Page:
The Right of Tenants To Organize Act

The Right of Tenants To Organize Act


  1. To protect the rights of tenants of multifamily dwellings to organize into tenant organizations in order that such tenants may conduct their business with landlords and managing agents more effectively
  2. To ensure that the ability of legitimate tenant organizations to carry out organizational activities is protected adequately.

Main Provisions:

  1. Recognize the rights of tenants to organize
  2. Require landlords and their agents to recognize legitimate tenant organizations and give reasonable consideration to concerns they raise
  3. Protect the right of tenants to engage in organizational activities in their building, such as distributing literature, posting information and holding meetings
  4. Require public bodies to allow legitimate tenant organizations to represent tenants before them

For more information, contact Jonathan Strong, Brandywine Tenants Association (BTA.) # 805, 4545 Connecticut Ave, N.W., Washington. D.C. 20008; (202) 362-2286;

Background to the Right of Tenants To Organize Act

The draft Right of Tenants To Organize Act is designed to identify and protect the right of tenants to organize. Tenant associations and tenant advocates (for example, TENAC's Jim McGrath) have endorsed this potential bill.

The bill was initially drafted after a tenant representative was confronted with Dept. of Consumer and Regulatory Affairs (DCRA) regulations 14 DCMR 3904.2 and 3904.3 during the course of representing a tenant association in a capital improvement case. Those provisions read:

3904.2 If a tenant association seeks to be a party, the hearing examiner shall determine the identity and number of tenants who are represented by the association.

3904.3 If a majority of the tenants are represented by the association, the association shall be listed in the caption.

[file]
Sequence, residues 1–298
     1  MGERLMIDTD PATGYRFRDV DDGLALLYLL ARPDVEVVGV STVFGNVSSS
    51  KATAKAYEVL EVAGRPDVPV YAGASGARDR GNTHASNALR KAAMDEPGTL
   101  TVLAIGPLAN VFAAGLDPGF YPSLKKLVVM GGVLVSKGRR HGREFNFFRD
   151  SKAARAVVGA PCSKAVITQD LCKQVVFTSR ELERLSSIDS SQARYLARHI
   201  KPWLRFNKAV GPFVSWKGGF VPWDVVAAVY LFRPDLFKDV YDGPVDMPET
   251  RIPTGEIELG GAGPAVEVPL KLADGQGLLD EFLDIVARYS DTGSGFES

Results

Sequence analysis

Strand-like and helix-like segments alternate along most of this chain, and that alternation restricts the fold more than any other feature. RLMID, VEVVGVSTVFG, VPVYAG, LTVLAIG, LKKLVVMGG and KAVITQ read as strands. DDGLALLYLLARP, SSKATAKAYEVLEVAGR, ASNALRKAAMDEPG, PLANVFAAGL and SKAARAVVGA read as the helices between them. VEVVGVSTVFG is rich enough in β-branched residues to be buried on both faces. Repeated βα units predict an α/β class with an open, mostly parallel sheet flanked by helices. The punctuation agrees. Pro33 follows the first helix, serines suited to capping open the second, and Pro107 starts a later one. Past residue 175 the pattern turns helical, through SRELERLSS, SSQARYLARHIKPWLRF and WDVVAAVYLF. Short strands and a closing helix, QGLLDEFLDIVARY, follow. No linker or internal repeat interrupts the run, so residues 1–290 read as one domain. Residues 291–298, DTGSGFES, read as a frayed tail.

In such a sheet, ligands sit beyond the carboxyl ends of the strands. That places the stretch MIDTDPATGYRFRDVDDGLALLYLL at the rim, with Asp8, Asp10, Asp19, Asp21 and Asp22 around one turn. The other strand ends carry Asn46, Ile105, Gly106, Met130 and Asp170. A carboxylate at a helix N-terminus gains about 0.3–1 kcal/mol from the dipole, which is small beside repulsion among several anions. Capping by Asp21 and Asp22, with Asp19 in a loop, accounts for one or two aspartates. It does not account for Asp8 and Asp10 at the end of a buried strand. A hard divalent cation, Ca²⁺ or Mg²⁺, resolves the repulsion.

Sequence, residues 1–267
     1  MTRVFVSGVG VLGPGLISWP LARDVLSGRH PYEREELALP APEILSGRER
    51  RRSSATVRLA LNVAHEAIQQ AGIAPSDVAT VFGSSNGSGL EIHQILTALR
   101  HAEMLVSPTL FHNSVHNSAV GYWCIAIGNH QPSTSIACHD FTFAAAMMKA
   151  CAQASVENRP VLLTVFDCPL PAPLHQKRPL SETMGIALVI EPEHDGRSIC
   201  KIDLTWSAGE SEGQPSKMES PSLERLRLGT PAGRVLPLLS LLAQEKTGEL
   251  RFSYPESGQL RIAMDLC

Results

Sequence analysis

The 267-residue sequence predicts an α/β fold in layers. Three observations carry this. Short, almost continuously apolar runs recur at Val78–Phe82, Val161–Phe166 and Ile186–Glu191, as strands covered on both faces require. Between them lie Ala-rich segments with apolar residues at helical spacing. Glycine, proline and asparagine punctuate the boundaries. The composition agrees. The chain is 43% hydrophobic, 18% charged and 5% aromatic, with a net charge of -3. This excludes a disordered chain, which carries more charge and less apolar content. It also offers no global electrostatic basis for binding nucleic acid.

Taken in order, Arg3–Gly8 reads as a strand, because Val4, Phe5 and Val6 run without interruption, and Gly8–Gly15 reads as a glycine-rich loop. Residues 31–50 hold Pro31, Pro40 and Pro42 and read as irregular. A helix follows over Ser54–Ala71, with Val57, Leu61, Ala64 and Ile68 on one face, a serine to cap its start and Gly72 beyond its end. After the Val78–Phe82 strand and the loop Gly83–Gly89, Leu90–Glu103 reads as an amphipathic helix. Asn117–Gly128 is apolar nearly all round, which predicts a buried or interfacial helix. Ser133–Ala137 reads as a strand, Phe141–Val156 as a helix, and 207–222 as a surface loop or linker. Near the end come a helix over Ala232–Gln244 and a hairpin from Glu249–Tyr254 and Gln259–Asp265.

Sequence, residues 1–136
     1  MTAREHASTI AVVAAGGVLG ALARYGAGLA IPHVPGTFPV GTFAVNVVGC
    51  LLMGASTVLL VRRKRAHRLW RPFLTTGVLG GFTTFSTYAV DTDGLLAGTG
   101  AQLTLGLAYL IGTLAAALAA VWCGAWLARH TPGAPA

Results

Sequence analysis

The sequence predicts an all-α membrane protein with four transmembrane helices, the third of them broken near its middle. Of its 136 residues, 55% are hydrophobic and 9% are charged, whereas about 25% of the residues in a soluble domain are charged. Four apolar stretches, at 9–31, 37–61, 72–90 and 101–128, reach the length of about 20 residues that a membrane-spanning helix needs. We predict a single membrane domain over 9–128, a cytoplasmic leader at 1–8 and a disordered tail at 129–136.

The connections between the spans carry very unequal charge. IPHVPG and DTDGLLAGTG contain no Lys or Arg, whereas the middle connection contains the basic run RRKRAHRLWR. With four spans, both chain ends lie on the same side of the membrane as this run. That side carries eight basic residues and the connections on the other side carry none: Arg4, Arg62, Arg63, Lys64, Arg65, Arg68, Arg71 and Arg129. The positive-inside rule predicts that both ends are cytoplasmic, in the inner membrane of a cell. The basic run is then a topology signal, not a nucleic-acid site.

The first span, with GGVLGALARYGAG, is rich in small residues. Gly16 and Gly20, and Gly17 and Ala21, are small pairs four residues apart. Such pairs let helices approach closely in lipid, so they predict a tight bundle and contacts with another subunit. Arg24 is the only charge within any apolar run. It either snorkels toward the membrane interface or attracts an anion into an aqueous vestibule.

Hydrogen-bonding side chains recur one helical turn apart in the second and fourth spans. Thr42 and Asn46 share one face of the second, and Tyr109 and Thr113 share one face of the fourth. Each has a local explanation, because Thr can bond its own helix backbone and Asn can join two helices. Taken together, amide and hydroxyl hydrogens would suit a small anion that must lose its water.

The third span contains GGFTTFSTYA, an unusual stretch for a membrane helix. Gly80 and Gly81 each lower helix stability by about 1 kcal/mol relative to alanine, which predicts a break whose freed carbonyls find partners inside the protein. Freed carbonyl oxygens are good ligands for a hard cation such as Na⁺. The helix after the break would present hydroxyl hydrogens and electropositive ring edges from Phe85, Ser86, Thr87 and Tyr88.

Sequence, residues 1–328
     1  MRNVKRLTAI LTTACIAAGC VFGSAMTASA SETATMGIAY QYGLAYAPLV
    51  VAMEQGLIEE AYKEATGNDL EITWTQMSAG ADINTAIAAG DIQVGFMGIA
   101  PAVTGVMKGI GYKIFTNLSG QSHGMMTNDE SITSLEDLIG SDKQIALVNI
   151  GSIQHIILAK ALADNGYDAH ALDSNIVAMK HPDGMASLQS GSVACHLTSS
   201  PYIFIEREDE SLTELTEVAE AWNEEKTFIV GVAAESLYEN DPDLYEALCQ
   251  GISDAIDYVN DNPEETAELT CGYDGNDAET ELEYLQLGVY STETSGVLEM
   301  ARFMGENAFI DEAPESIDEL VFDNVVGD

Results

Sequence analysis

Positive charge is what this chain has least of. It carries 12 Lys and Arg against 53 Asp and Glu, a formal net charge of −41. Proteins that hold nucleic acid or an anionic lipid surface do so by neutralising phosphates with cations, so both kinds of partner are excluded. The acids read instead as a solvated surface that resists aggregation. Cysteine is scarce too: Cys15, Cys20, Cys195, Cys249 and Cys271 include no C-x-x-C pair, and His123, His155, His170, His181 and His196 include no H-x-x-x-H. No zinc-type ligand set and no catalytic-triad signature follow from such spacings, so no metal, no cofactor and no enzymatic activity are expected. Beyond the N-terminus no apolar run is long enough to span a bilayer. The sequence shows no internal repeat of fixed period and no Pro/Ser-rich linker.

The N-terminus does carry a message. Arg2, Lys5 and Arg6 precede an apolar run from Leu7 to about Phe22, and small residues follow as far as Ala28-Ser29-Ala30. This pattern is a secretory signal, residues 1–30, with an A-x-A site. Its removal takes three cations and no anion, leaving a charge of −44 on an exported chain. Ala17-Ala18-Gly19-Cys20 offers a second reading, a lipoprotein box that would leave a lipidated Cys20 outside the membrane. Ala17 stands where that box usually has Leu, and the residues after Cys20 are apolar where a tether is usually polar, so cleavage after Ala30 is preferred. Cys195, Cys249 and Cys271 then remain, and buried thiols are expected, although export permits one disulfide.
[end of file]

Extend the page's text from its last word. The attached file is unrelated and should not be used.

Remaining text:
In a meeting that DCRA's Rent Administrator (RA) held with tenant advocates in the spring of 2002, the tenant representative urged the RA to eliminate or revise these regulations, as unconstitutional and irrational infringements on the right of tenants to organize and advocate for their interests freely, but the RA declined. The tenant representative later challenged the regulations at the capital improvement hearing, but the Hearing Examiner felt constrained by them and required a signed authorization from every tenant the association claimed to represent.

The tenant representative then drafted the proposed bill, basing it largely on HUD regulations (24 C.F.R. Part 245, Subpart B) that he helped draft when he was employed at HUD General Counsel's Office. The draft would remedy the problems the current DCRA regulations create for associations seeking to represent tenants.

The tenant representative then circulated his draft among tenant advocates and associations for review and endorsement. During this period, he learned from members of one tenants association that their housing provider hampered their association's distribution of leaflets and flyers in their building. He learned from the president of another tenant association that his housing provider had banned his association from meeting in any of the building's common areas. While the tenant representative had not been aware of such incidents when he drafted his proposed bill, his draft would protect tenants from such heavy-handed behavior.

In December 2002, the American Civil Liberties Union of the National Capital Area (ACLU-NCA) wrote DCRA and urged it to revise and eliminate the offending regulations. In a January 2003 meeting with the tenant representative, the RA declined to revise the regulations as the ACLU-NCA had urged in its letter.